NASA’s Curiosity Rover has transmitted the first high-resolution images of Mount Sharp from the Red Planet. That’s right, “this stunning photographs reveal distinct tiers of near the base of the 3-mile-tall mountain that rises from the floor of the vast, ancient impact basin known as Gale Crater, where Curiosity landed on August 6 to begin its two-year mission.” Continue reading for videos, more pictures, and additional information.
The telephoto images, taken from the 100-millimetre telephoto lens and the 34-milllimetre wide angle lens of the Mast Camera (Mastcam) instrument, beamed back to Earth show a scene of eroded knobs and gulches on a mountainside, with geological layering clearly exposed. Mastcam has photographed the lower slope of the nearby mountain called Mount Sharp.’This is an area on Mount Sharp where Curiosity will go,’ said Mastcam principal investigator Michael Malin of the Malin Space Science Systems in San Diego.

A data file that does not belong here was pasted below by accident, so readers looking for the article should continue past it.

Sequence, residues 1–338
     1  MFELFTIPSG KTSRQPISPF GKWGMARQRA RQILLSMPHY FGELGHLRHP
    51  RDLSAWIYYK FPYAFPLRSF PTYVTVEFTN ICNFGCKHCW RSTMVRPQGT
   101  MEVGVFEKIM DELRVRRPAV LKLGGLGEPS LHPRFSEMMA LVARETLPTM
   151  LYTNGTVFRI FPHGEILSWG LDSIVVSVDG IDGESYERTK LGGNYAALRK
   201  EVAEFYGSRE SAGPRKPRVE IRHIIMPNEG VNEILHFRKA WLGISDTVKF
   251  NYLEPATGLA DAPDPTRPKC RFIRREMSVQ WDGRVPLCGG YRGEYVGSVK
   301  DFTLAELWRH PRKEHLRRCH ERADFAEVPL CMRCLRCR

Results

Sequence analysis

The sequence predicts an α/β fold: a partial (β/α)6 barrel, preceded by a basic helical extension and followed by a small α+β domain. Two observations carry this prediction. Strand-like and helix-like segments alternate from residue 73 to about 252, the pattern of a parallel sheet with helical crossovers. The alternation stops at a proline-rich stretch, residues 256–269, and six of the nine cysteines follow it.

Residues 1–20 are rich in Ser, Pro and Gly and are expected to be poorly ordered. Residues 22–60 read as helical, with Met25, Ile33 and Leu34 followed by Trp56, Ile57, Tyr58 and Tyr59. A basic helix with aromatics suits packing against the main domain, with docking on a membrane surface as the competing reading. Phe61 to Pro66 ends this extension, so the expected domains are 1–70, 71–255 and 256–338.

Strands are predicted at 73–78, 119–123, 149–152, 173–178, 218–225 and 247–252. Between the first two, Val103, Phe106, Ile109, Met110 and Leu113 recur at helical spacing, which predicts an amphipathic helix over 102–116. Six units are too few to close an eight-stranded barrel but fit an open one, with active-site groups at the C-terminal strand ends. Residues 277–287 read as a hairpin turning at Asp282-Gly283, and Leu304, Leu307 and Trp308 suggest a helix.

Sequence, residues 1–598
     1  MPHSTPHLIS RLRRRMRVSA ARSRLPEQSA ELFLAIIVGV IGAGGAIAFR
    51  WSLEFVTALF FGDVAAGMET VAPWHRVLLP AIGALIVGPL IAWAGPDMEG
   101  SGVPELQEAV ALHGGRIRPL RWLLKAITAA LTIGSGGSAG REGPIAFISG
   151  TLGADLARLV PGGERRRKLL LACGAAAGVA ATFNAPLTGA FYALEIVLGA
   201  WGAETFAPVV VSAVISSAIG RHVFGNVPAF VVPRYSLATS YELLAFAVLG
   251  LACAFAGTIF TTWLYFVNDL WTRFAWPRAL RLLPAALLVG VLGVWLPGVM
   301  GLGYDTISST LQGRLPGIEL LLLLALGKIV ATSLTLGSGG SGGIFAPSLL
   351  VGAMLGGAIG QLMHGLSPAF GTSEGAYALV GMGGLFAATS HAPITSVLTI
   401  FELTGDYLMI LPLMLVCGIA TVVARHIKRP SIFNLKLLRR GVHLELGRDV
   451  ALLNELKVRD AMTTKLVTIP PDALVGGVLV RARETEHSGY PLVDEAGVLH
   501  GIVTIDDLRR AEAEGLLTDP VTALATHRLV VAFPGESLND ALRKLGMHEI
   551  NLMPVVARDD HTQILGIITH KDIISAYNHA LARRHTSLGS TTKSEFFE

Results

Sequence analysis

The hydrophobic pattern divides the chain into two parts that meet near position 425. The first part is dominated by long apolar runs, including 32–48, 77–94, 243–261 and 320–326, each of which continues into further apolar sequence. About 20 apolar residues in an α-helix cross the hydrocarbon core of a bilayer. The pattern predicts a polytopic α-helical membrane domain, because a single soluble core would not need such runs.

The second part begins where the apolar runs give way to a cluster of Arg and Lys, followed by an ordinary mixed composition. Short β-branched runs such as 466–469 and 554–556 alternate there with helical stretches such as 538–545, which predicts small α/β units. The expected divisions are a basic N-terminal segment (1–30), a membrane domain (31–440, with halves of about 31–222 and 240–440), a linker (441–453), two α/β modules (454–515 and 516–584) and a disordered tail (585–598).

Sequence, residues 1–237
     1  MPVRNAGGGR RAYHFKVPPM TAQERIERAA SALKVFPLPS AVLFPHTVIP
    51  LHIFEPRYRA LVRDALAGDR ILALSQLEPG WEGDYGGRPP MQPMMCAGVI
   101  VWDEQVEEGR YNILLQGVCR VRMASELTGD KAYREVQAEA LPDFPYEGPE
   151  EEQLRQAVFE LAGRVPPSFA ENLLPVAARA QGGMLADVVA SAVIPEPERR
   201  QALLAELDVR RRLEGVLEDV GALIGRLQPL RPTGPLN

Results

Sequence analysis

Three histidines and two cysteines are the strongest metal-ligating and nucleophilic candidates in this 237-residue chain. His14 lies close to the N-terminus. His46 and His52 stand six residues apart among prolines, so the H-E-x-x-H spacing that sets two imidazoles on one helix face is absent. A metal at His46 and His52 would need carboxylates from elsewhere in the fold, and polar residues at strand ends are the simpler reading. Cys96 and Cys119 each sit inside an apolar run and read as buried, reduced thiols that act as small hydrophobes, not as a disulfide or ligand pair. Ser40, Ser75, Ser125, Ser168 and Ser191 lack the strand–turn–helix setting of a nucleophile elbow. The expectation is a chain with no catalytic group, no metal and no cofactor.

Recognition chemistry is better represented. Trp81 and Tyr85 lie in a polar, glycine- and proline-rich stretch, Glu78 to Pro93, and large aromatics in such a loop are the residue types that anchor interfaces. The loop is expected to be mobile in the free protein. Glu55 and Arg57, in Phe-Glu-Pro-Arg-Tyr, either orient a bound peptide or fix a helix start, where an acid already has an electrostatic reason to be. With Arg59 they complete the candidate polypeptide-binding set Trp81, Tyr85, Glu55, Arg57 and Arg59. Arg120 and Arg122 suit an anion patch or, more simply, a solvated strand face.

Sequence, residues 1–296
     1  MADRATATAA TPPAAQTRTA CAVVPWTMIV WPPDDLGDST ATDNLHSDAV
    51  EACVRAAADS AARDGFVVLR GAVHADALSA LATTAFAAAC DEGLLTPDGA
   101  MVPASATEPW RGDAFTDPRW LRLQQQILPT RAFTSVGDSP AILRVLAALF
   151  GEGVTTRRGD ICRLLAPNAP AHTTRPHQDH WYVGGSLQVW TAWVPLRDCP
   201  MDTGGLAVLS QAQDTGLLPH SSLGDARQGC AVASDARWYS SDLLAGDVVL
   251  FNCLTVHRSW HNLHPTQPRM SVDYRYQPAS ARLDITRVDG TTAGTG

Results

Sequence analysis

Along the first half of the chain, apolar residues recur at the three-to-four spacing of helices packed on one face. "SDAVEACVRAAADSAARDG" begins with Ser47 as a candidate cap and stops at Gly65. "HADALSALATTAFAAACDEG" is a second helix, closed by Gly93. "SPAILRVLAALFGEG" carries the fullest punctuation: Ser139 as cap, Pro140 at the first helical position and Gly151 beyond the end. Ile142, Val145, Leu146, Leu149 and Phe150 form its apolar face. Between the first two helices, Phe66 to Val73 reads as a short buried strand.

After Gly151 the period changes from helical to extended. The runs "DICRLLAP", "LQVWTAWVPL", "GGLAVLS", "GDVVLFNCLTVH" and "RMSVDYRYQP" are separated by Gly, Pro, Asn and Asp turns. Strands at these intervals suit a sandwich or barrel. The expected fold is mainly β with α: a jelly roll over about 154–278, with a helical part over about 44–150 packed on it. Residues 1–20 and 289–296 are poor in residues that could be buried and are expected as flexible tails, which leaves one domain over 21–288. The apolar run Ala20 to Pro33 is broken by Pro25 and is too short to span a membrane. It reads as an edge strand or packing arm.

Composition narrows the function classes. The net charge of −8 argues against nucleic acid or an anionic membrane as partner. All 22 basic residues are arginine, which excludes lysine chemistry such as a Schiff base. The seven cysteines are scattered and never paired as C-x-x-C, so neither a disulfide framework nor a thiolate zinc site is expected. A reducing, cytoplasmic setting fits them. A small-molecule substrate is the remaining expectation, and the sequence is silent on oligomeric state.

‘Those layers are our ultimate objective. The dark dune field is between us and those layers. In front of the dark sand you see redder sand, with a different composition suggested by its different colour. The rocks in the foreground show diversity – some rounded, some angular, with different histories. This is a very rich geological site to look at and eventually to drive through,’ Malin said.